Sorry for making a solution thread to a locked puzzle, but I'm stumped, and he solution thread to the equivalent puzzle had me equally confused. Anyways, for reference:

The puzzle I am referring to: http://forums.xkcd.com/viewtopic.php?f=3&t=38673

The solution thread for the equivalent puzzle: viewtopic.php?f=3&t=7211

My original (apparently fallacious) logic was:

1. Person 1 chooses two boxes. Odds 50%.

2. Person 2 acts under the assumption that Person 1 succeeds. Best strategy seems to be to pick 2 different boxes so that he can guarantee not taking Person 1's name. Person 2 sees 2/3 of the possible boxes that could contain his name.

3. 1/2 * 2/3 < .4

Sooo, it seemed not possible, even if only the first 2 had to get it right.

After reading the solution thread, I tried thinking of the problem in terms of nodes. I don't see how this helps though. Person 1 has to pick either:

(a). His name; or

(b). The name previous to his

Out of 4 names, the odds are still 50%.

And I'm stumped as to how Person 2 can increase his odds above 2/3, even if he follows the nodes strategy. If anything, it seems to lower his odds because he might pick Person 1's name.

So, can someone explain how you get odds better than 40%? Maybe I'm missing something important about the nodes, but rereading the solutions just makes me more confused.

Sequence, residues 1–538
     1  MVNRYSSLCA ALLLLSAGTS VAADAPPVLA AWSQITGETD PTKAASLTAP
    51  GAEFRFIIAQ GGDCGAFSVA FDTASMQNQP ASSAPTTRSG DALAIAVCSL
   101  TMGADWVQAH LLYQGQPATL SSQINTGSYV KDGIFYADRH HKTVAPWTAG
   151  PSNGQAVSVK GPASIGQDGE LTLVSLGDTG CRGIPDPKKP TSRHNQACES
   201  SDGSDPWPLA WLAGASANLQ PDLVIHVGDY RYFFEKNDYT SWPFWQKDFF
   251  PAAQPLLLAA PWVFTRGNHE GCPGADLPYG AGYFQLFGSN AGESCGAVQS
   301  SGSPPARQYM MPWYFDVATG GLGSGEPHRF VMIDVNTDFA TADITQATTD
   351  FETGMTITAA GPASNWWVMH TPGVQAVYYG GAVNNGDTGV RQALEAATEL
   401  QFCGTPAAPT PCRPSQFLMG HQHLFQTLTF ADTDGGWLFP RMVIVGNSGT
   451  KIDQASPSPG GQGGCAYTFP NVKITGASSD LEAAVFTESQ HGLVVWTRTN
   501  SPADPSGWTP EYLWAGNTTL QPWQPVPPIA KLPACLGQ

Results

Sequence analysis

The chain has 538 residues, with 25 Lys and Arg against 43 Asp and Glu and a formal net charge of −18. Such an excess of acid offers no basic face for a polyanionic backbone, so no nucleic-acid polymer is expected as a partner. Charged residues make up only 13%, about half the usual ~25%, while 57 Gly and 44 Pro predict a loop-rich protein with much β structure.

## Solution for 4 students, 4 boxes

**Moderators:** jestingrabbit, Moderators General, Prelates

### Re: Solution for 4 students, 4 boxes

Your reasoning is a bit off. Suppose person 1 succeeded with the "nodes" strategy, and person 2 picks person 1's name. Since person 1 succeeded, he must have opened box 2. The only way this would happen is if box 1 had person 2's name. This is the second box which person 2 will open, so he will find his name too.

In fact, the only way for person 2 to fail after person 1 succeeds is if person 1 found his own name in box 1. In such a case, person 2 has a (conditional) 2/3 chance of success.

In fact, the only way for person 2 to fail after person 1 succeeds is if person 1 found his own name in box 1. In such a case, person 2 has a (conditional) 2/3 chance of success.

### Re: Solution for 4 students, 4 boxes

Remember, too, that the group fails together or succeeds together. If the first person fails, at least two others will also fail, but if the first person succeeds it's fairly likely that the others will succeed. This game is bad news if the probabilities are independent and multiplied out - the later players' successes are all quite likely when conditioned on the first success.

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